Want to read more?
We value our content and access to our full site is only available with a subscription. Your subscription entitles you to 7-day-a-week access to our website, plus a full digital copy of that week’s paper to read on your pc/mac or mobile device In addition your subscription includes access to digital archive copies from 2006 onwards
Just want to read one issue? No problem you can subscribe for just one week (or longer if you wish)
Film fans are being urged to ‘flock back to the flicks’ as the Phoenix Cinema in Oban prepares to welcome back the public.
The independent community cinema closed on March 21 due to the virus but is hoping to reopen on August 24 after more than five months.
Eight years ago, the historic George Street venue reopened having been shut for two years between 2010-12 – leaving film fans with a long trip to Glasgow to see a movie.
Unlike the major multiplexes, it was saved by a community buy-out and is now overseen by a volunteer six-member executive board, 10 staff, 10 loyal volunteers and local fundraisers.
The coronavirus arrived on the back of an ‘amazing, record year’ for the two-screen cinema in 2019.
Close to 39,000 tickets were sold – around 30 per cent up – and the range of films on offer – was among the most diverse it has shown.
While it receives vital backing from organisations including the British Film Institute (BFI) and Creative Scotland, general manager Jennie Larney has also issued a rallying cry.
‘Come back,’ she appealed. ‘Come back to your local cinema – it’s safe, it’s local, you can be with your family, watch a great film and it’s a day out when we don’t all have to stay inside anymore! We will ensure it’s as absolutely safe as it can be – and that’s the message we want to get out to people – it’s safe to come to your lovely, local cinema.’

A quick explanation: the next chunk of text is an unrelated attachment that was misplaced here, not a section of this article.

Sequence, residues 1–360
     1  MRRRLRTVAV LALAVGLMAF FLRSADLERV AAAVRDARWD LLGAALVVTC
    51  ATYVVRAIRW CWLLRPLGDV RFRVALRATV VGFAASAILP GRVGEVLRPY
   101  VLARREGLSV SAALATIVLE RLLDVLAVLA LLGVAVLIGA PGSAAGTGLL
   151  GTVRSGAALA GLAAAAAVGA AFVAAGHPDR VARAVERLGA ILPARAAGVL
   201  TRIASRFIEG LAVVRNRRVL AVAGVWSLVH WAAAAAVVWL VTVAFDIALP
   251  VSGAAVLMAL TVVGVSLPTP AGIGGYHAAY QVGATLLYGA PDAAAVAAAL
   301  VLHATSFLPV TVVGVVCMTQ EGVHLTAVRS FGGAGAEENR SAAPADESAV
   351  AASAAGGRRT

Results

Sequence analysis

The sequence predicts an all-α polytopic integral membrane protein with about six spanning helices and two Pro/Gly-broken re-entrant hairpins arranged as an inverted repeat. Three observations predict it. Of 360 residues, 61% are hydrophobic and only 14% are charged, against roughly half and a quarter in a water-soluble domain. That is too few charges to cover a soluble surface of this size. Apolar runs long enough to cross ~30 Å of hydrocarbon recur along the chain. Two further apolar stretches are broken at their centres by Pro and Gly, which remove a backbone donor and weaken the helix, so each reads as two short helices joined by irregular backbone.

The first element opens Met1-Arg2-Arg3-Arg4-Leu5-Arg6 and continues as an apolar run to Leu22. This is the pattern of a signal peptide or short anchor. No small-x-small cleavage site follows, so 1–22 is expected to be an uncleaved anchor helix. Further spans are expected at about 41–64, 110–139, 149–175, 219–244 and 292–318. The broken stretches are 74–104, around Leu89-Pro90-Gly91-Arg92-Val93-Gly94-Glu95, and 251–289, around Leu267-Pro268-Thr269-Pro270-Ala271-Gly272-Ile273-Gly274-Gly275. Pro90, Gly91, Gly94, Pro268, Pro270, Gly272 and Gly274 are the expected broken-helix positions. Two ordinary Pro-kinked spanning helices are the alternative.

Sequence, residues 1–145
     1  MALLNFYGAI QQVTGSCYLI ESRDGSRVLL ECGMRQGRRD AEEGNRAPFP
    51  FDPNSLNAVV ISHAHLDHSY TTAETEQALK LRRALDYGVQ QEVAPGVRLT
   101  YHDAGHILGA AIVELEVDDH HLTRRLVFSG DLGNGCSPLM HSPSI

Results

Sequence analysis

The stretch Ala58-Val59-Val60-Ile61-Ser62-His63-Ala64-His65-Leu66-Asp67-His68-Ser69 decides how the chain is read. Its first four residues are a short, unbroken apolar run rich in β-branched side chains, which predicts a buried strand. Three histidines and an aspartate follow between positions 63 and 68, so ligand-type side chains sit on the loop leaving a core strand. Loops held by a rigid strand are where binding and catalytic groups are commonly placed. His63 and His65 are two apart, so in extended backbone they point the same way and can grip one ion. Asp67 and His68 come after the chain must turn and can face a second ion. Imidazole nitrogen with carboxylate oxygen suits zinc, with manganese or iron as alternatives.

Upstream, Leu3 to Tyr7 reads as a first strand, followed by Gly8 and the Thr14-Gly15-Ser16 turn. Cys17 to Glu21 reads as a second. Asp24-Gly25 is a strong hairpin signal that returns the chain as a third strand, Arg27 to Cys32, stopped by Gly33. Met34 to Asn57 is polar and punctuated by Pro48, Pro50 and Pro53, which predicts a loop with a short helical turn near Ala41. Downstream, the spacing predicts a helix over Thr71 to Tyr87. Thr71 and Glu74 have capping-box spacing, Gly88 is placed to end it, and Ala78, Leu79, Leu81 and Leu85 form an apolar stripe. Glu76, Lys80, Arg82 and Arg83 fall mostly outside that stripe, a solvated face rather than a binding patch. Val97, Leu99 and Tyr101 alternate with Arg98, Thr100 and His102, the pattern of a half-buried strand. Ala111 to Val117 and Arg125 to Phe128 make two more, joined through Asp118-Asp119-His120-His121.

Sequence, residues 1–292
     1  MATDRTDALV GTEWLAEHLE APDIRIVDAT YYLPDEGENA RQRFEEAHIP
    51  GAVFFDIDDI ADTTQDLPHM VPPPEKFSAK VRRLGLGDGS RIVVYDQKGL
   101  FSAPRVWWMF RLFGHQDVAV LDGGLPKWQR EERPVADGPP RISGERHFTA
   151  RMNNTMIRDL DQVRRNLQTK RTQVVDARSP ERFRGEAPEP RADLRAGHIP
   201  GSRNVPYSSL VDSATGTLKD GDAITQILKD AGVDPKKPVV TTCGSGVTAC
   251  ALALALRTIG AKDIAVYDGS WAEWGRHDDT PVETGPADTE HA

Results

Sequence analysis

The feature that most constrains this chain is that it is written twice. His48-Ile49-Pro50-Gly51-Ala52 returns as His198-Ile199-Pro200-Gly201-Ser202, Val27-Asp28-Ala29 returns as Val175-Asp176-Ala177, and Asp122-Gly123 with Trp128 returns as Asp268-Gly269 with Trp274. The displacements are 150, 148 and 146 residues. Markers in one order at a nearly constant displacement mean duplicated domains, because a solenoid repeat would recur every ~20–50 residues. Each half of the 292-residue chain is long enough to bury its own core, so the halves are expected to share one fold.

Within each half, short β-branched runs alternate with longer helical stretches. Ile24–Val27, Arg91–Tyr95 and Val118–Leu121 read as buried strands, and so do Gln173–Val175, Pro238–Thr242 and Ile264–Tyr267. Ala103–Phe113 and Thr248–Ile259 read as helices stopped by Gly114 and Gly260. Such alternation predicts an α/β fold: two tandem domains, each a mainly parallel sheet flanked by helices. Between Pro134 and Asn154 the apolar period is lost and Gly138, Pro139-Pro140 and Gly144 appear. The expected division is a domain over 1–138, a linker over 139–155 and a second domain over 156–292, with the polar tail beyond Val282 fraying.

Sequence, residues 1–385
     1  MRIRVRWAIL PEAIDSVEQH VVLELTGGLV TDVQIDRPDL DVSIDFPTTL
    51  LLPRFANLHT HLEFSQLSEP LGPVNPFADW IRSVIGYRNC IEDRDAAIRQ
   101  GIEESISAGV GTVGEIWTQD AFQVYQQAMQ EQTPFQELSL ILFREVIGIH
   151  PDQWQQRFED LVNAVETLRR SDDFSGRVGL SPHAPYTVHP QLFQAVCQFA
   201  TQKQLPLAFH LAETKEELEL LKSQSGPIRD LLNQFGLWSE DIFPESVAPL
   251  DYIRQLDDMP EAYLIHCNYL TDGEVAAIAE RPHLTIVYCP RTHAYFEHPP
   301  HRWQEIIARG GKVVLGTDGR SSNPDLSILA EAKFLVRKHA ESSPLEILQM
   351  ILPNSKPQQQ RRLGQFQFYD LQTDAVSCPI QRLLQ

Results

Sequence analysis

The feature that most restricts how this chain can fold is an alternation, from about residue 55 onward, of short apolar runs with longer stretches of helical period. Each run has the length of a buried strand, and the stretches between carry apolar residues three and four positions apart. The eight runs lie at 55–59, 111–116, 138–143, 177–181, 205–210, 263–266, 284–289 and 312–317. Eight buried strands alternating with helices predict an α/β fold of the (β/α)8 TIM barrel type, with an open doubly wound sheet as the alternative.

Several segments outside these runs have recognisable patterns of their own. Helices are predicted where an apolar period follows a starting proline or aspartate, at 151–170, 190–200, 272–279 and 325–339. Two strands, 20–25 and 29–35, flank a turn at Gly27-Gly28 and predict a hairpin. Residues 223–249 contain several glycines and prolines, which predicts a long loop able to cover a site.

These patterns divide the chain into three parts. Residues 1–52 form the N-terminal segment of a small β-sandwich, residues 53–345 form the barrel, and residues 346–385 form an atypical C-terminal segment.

The premises will undergo deep cleans after each showing using specially-purchased equipment. A one-way entry and exit system will be introduced and people will be encouraged not to leave behind drinks and food containers after their visit.
Hand sanitiser stations are to be introduced along with protective screens for staff.
Staff are also being trained in how to operate in a post-Covid environment and a range of internal changes are to be made with cinema-goers separated with empty seats. The move reduces the capacity of screen one from 148 to just 40.
In screen two, a ‘bubble system’ will operate, again reducing the 22-seat capacity.
Asked if the changes leave a question mark over its future, manager Jennie does not believe so, as it rarely sold out its capacity in any event.
She added: ‘The cinema industry is very small and there’s only about 700 cinemas in Britain, so we get massive support from the British Film Institute (BFI) who are really working hard to make sure we all stay open. We also have Creative Scotland which is the most marvellous organisation.
‘We are lining up some really good films for people to come and see and we expect to have two films initially and come September a lot of new films are coming on-stream too.’
Only recently, it received a £22,000 grant from Creative Scotland to invest in an upgrade of technology.
Jennie is originally from West London with a background working for Ticketmaster in Leicester Square, where she oversaw the box office for major concerts including the likes of The Rolling Stones and Fleetwood Mac. She said the cinema had to move forward.
‘You can’t stand still, or if you try to maintain the status quo, you start to go backwards, so we have to move forward. We have got a lot of plans for the cinema. Cinema is a unique experience and one of the very last things we do communally where we sit in silence and watch something, together.
‘It’s not like sport where everyone’s cheering their team on – the nearest thing is theatre but that’s live, so that’s why I think it’s so unique – the town really needs the cinema,’ she said.